Players do not wager money in online games such as HollywoodCasino.com, the online game sponsored by Plainridge Park Casino in Plainville. But players can win credits that allow them to make the leaderboard and open up new levels of play.
A national specialist in gambling addiction and representatives of the online gaming industry are slated to make presentations to the state Gaming Commission Tuesday, after questions were raised earlier this year about whether online games that mimic casinos are deceptive.
In March, the commission invited specialists to provide information about the online games, known in the industry as “social gaming.”
“I think everyone is well served” by the commission learning about “the range of issues” presented by social gaming, Commission Chairman Stephen P. Crosby said at the time.
While it is an open question whether the commission has jurisdiction over social gaming, members should become knowledgeable about the topic, he said.
Tuesday’s meeting begins at 1 p.m.
Players do not wager money in the online games, such as HollywoodCasino.com, the online game sponsored by Plainridge Park Casino in Plainville. But players can win credits that allow them to make the leaderboard and open up new levels of play. Critics say the games’ large payoffs condition players to expect similar wins at the casino, where the odds of success are much lower.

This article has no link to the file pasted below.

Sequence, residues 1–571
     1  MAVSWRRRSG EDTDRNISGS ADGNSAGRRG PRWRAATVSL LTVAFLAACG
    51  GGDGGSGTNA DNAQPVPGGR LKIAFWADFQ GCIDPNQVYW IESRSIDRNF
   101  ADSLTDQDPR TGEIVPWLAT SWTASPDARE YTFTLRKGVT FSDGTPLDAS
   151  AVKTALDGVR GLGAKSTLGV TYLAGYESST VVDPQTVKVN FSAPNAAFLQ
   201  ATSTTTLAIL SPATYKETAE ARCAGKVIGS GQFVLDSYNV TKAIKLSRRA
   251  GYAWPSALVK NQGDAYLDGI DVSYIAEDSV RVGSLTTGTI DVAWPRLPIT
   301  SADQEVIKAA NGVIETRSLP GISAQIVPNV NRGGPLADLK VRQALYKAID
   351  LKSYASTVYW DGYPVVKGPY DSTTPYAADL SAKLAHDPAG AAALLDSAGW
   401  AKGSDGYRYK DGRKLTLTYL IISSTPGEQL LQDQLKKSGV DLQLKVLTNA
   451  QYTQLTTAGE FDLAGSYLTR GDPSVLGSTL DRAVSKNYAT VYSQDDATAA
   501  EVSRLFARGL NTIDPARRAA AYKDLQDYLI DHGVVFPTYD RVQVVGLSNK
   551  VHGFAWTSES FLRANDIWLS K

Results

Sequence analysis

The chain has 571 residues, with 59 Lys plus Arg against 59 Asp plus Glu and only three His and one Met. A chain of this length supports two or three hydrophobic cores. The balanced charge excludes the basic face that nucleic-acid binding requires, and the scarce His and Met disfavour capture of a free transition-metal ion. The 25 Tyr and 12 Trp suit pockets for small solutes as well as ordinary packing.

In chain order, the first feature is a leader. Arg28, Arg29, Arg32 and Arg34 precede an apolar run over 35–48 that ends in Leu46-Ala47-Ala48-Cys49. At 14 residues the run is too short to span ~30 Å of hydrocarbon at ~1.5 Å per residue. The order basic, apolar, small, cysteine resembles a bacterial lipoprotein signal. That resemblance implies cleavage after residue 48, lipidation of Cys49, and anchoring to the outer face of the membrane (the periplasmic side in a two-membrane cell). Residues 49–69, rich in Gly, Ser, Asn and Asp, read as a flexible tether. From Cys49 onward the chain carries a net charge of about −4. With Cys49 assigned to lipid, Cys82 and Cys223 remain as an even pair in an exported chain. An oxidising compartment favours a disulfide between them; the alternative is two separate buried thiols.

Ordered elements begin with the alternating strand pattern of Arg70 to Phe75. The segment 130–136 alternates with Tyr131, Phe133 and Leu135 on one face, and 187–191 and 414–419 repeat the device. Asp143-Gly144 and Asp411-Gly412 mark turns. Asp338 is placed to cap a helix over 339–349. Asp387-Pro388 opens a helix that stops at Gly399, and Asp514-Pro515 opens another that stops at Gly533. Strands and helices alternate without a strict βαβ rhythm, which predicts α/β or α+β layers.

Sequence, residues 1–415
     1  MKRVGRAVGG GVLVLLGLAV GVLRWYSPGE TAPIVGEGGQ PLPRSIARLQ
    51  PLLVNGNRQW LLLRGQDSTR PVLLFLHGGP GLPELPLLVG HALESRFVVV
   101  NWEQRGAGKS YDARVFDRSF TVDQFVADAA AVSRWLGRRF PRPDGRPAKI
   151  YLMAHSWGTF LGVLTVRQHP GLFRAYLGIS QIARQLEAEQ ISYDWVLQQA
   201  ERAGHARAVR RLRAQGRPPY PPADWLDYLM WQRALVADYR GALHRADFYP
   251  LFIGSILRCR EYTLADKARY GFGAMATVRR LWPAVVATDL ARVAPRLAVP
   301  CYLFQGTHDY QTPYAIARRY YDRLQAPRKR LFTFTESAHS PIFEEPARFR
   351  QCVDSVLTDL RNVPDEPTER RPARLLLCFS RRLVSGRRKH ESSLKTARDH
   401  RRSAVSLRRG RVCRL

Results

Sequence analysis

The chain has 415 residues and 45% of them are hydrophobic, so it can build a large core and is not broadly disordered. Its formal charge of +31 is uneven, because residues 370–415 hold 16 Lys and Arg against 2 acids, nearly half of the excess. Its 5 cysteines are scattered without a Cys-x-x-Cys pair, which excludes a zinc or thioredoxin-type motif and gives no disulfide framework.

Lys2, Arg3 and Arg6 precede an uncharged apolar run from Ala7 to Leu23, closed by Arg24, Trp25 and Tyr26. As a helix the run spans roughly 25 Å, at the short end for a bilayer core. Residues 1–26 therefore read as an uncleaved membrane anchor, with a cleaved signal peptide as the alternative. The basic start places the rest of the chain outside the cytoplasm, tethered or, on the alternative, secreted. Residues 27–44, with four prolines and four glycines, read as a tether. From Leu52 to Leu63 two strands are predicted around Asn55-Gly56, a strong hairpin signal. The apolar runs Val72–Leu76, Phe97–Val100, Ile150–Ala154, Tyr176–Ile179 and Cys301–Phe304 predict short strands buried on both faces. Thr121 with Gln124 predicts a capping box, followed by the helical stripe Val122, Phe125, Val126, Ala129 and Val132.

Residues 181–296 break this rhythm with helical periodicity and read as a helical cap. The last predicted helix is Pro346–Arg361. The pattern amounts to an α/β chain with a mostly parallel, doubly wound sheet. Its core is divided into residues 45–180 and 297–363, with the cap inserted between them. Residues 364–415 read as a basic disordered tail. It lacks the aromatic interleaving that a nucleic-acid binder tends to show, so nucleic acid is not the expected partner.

In a Globe story about social gaming in March, Keith Whyte, executive director of the National Council on Problem Gambling, said online slot machines also raise concerns “because there is still a risk of using it compulsively.”
“It is the action of gambling that is addictive, not the prizes,” he said.
Whyte is slated to speak at Tuesday’s meeting, along with two officials of Massachusetts Digital Games Institute, a coalition of industry, academic and government representatives that promotes the design and development of digital games, and the chief executive officer of International Social Games Association, a social gaming trade group.
The commission plans to hold a second meeting on social gaming, which representatives of Penn National, which owns Plainridge Park Casino, are be invited to attend. Representatives of Wynn Resorts and MGM Resorts, which are licensed in Massachusetts to operate casinos, are also invited.
Sean P. Murphy can be reached at email@example.com. Follow him on Twitter @spmurphyboston.
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